Offensive or Constitutionally Protected? Universities Rescind Admission Based on Racist Social Media Posts

Written by Crystal Torres

As the Black Lives Matters movement gains overdue momentum, the actions of those that have seemingly gone unchecked are being brought to the forefront. Corporations and institutions alike are making their position on the issues that have plagued our country for generations known, despite criticism regarding their years of silence. The Southern Methodist University’s Dedman School of Law (“SMU”) in Dallas, Texas is one of the many Universities that have made their stance on equality and their efforts to achieve it known as a result of George Floyds’ death and the civil unrest that followed. Students at Southern Methodist University have shared their negative experiences with racism at the school through the hashtag #BlackatSMU. The hashtag has been in use since 2015, when students began advocating for change at the University. Protests in 2015 were reminiscent of those that occurred in the 1960s, with students planning sit-ins and creating a list of demands to be met by the University.

The University responded, issuing statements then and now about their pledge to change what it meant to be black at SMU. The University has a plan to change racial inequities on campus and in the surrounding community which it has begun implementing. Recently, a prospective law students’ admission to The Southern Methodist University’s Dedman School of Law was revoked due to “racially offensive behavior recorded on social media that contradicts the University’s core values – specifically, its commitment to diversity and inclusion.” Due to the Family Educational Rights and Privacy Act, SMU did not release any personal details regarding the student’s name nor what the statement that got their acceptance revoked was. SMU College of Law’s actions were just but the question remains as to whether they infringe on the prospective student’s constitutionally protected freedom of speech.

The topic of whether Universities should rescind admissions based on a prospective student’s racist social media posts have been a topic of debate after a string of Universities, including SMU, did just that. The issue is apparently so controversial that Missouri State University’s President, Clifford Smart, issued a statement on why Universities should do the opposite if they are to stay true to the meaning of the 1st Amendment. After a similar situation as that which occurred at SMU, the President said,

“After seeing these social media posts and viewing the video, I, too, was horrified. My first impulse was to rescind the offer of admission to these students. But then I was reminded of a couple of things. Missouri State University is a public university with a public affairs mission. As a public university we are legally required to uphold the principles of free speech embodied in the First Amendment to the Constitution. The video – as hurtful, insensitive and offensive as it is – is protected by the First Amendment, as was the language in the social media posts.”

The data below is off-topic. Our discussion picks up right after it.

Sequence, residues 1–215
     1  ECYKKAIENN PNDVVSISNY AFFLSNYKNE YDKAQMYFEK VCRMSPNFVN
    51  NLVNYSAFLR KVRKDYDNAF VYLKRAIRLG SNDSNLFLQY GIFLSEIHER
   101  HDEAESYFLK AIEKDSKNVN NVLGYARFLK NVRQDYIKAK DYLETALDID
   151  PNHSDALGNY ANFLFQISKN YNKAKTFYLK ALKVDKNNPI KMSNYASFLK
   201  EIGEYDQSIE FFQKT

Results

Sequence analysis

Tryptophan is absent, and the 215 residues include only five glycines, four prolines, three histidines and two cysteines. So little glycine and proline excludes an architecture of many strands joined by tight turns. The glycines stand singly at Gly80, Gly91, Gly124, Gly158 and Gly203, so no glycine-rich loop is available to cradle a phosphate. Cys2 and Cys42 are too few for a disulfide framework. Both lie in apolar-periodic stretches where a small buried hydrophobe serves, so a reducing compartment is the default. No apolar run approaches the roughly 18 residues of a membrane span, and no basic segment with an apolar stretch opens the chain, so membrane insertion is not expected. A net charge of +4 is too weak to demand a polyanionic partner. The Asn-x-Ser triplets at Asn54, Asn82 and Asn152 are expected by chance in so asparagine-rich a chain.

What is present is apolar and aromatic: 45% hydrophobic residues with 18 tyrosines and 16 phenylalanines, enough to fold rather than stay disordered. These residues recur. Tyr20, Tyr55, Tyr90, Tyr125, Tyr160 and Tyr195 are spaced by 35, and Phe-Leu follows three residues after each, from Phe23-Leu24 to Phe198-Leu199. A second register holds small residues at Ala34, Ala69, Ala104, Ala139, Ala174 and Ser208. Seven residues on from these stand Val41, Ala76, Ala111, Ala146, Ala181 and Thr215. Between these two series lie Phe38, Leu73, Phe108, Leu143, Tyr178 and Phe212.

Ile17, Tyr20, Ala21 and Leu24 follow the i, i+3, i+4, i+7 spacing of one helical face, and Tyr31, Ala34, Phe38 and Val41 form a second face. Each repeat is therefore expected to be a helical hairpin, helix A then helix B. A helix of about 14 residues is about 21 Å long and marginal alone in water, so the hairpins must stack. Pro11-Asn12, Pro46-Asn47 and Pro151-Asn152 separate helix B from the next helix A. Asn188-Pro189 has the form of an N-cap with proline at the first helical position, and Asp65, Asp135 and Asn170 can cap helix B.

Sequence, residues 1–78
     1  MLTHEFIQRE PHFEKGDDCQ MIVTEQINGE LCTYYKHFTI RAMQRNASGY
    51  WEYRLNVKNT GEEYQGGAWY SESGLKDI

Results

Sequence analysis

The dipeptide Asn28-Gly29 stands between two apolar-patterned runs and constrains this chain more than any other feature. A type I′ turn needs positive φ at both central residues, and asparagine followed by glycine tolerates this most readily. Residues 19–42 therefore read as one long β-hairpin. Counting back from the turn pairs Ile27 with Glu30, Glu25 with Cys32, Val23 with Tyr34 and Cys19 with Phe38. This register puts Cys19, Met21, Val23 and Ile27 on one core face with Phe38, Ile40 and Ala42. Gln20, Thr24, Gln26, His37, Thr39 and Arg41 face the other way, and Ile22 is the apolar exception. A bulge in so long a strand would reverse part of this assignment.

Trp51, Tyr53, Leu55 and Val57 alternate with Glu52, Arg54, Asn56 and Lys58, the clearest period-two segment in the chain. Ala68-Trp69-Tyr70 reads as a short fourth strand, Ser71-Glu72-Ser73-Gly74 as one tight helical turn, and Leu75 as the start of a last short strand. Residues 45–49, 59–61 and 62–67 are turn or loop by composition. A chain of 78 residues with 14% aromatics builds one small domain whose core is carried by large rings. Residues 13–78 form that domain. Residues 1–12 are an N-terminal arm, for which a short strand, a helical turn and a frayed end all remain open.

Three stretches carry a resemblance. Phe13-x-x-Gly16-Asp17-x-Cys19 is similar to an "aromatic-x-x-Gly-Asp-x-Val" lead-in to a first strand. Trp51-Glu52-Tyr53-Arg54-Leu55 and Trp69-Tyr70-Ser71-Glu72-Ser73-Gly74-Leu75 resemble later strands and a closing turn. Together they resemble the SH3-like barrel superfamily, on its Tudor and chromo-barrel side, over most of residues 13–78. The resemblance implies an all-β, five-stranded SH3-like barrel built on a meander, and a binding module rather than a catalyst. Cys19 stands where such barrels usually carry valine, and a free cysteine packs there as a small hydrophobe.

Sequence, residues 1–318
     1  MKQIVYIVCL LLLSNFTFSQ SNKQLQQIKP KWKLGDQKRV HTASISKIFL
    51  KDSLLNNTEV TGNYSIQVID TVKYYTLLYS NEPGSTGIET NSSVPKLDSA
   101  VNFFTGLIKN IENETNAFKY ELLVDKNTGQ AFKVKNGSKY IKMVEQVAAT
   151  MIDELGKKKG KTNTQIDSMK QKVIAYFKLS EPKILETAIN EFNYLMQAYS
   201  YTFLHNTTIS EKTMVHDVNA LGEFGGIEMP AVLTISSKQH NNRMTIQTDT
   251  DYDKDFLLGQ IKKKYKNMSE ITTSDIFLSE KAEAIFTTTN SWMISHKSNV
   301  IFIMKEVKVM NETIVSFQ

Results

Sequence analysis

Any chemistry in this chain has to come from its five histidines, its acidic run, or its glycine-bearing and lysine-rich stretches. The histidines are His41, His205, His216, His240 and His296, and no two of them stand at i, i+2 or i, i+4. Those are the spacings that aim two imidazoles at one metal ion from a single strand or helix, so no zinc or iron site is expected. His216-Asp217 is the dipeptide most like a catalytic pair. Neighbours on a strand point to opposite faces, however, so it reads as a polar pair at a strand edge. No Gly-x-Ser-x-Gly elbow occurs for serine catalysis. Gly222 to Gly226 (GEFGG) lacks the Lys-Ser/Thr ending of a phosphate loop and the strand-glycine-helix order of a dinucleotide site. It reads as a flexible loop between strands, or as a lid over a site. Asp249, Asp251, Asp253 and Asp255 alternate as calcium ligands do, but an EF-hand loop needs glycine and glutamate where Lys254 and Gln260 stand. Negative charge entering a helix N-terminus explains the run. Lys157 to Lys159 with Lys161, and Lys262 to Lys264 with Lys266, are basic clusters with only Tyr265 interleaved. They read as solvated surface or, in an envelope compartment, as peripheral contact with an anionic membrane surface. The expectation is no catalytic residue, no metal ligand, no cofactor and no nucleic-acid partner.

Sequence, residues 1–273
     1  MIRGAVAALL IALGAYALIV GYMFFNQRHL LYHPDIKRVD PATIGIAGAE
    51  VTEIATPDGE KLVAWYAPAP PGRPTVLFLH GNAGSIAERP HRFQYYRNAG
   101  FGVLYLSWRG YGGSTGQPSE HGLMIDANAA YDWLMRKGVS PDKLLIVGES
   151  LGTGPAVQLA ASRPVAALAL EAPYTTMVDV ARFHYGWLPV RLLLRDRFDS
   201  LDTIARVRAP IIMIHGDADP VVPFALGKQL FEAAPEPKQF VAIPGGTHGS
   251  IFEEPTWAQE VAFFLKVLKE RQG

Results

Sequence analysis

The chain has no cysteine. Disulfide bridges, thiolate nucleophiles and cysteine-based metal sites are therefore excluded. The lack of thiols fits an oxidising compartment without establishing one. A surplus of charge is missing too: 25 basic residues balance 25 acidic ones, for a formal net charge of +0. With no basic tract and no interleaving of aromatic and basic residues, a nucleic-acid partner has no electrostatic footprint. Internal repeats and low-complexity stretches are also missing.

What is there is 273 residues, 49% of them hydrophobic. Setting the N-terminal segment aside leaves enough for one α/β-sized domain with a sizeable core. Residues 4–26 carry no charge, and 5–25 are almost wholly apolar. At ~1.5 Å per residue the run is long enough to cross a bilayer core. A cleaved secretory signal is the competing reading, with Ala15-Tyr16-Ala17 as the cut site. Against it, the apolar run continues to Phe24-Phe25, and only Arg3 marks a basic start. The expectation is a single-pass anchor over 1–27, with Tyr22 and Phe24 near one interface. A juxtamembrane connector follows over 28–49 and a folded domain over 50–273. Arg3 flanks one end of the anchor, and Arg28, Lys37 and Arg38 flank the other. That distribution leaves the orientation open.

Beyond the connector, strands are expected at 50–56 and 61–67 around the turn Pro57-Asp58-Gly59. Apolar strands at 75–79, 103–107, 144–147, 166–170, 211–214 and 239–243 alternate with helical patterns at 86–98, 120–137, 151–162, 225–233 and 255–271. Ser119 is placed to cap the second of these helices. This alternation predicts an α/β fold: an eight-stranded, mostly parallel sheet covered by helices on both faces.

Other 1st Amendment scholars, such as Professor Clay Calvert of the University of Florida disagree. Professor Calvert emphasizes that

“the First Amendment gives you the right to speak freely but the first amendment does not give you the right of admission to the University of Florida . . .  An institution has the right to choose the students to whom it teaches and of course it cannot choose them based off of things like racial disparity or something like that, but it has the ability to choose the students that it wants to teach.”

The 1st Amendment of the United States Constitution provides that “Congress shall make no law respecting an establishment of religion, or prohibiting the free exercise thereof; or abridging the freedom of speech, or of the press; or the right of the people peaceably to assemble, and to petition the Government for a redress of grievances.” The 1st Amendment is implicated where there is a government action that infringes on a student’s protected rights, including the freedom of speech. Public universities are bound by the 1st Amendment due to their direct relationship with the government, and it is settled law that a student does not shed their rights at the schoolhouse gate. However, the issue becomes murkier when a private University is regulating speech, especially when the student has yet to matriculate since Universities generally reserve the right to rescind a student’s admission for a number of reasons, including offensive behavior. As Universities continue to rescind admissions based on racist social media posts or keep these prospective students, the courts will ultimately decide on whether it infringes on the freedom of speech. Until then, it is merely a guessing game.


Amanda Roberts, Law student’s admission is revoked over ‘racially offensive behavior’ on social media, ABA Journal (last visited Jun. 12, 2020).

Dianne Solis & Holly K. Hacker, #BlackatSMU, The Dallas Morning News (last visited Jun. 12, 2020).

Important Conversations and Actions, SMU News (last visited Jun. 12, 2020).

Amanda Roberts, Law student’s admission is revoked over ‘racially offensive behavior’ on social media, ABA Journal (last visited Jun. 12, 2020).

Evan Gerstmann, Should Colleges Rescind Admission Offers Based On Racist Social Media Posts?, Forbes (last visited Jun. 12, 2020).

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